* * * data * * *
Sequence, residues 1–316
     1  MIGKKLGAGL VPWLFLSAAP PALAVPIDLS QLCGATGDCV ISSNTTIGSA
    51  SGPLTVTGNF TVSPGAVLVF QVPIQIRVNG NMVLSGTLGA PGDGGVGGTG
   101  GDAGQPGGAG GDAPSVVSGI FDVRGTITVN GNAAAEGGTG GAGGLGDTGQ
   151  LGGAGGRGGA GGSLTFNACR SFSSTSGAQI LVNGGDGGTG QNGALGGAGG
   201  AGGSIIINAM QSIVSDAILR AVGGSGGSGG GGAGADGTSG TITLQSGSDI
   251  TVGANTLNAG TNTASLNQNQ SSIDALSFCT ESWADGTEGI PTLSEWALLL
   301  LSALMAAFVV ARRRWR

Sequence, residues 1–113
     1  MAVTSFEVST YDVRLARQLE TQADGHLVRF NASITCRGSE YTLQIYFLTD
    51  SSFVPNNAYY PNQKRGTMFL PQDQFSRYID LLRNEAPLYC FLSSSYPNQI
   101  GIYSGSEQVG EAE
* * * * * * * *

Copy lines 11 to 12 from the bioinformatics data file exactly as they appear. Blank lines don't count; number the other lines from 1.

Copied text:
    51  SSFVPNNAYY PNQKRGTMFL PQDQFSRYID LLRNEAPLYC FLSSSYPNQI
   101  GIYSGSEQVG EAE